A year ago last week, I saw this hashtag on Twitter: #RunEveryDay.  It was started by a sportswear company and people could “sign up” on their website and receive motivational emails throughout the month.  With no desire for any more spammy emails clogging my already stuffed-full inbox, I just opted to run and tweet about it, and donate £1.00 per run to Northamptonshire Rape Crisis at the end of the month.

On the first of October, I was off – #RunEveryDay challenge was on.

Unlike my friends, I somehow thought I needed to add the daily runs to my normal 7-day a week fitness timetable.  As well, a week into October, I started karate classes.  It will come as no surprise that I developed Achilles tendonitis in both ankles by 18th October.  So I stopped….I’m kidding.  Nope, I began getting up 30 minutes earlier (oh yeah, I am scared of the dark, so as if running every day wasn’t a challenge enough, I made myself do it before dawn!) to ice both ankles to get the swelling down a little, before strapping them in sports tape and running/limping across my estate in the dark, cold morning air.

I wrote about my inner struggle over whether to stop or not in this blog.  I questioned whether I was showing “strength” by continuing with #RunEveryDay, despite painful injuries in both ankles, or if it was a sign of my “vulnerability” that I was unable to let myself quit, and possibly feel a failure for being unable to finish the month?

I can promise you had I known that I would do severe, lasting damage to my tendons and calves that would continue an entire year, I most definitely would have sucked the lemon of vulnerability, and stopped.  Totally.  Instead, I hobbled to Hallowe’en, pleased to have won two very inflamed Achilles tendons and the pleasure of telling people I had done #RunEveryDay the whole of October (and my other 7 workouts and two karate classes a week).  At least Rape Crisis got their whole £31 donation, too.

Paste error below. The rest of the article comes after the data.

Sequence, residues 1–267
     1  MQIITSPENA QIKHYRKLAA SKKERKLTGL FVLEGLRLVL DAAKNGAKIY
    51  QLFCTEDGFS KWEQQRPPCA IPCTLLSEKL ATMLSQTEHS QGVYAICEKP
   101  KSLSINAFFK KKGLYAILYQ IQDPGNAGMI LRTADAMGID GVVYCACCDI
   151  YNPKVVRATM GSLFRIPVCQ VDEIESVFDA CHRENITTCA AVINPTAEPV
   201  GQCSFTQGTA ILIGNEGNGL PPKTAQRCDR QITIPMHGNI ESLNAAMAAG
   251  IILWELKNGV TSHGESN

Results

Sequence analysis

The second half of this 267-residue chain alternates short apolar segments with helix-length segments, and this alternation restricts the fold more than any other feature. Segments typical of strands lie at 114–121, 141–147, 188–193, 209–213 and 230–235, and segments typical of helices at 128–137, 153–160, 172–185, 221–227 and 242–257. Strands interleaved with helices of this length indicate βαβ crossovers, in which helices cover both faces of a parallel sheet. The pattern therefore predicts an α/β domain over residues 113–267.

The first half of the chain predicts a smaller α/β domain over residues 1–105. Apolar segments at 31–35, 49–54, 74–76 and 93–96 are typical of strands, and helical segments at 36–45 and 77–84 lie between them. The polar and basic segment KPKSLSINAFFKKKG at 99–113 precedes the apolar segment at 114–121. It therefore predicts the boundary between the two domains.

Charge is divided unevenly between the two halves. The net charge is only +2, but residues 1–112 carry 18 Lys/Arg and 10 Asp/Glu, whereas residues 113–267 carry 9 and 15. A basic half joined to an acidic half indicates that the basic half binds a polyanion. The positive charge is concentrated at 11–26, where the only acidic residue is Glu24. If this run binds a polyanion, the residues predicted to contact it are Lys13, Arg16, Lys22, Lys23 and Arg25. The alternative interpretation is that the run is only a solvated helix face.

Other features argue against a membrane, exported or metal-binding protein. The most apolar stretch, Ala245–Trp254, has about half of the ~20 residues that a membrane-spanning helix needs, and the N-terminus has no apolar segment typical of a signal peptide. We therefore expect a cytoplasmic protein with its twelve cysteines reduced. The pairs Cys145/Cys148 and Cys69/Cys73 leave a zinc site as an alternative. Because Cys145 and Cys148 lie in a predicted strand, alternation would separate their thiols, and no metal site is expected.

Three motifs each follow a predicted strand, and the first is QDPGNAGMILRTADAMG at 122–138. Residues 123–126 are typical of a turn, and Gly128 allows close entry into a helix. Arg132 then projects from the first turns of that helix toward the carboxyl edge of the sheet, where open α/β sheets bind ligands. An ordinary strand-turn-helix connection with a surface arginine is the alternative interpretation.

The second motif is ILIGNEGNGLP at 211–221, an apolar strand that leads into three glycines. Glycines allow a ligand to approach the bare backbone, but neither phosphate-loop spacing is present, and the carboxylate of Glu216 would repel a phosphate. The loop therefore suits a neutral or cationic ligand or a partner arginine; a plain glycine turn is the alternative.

Since then, forced to cut back on running and high impact classes, I spent a fair bit of time on the stationary bikes in the gym, or doing bendy things in BodyBalance classes during the past 11 months.  Now #RunEveryDay is upon us again, and I would love to enjoy the sense of achievement on October 31st, knowing that I had run every day for the whole 31 days, even in the dark mornings which saturate my bloodstream with adrenaline and cortisol.

I now know also that sense of satisfaction will likely come at too high a cost.  This time, my challenge is not whether to #RunEveryDay, but instead, whether to pull out of it should #RunEveryDay become too painful.  It remains to be seen whether I will be able to do that, to give up if I am too injured.  The difference this time is that giving up under those circumstances, and listening to my body, I realise and believe, would be a true sign of strength.

So that’s my goal.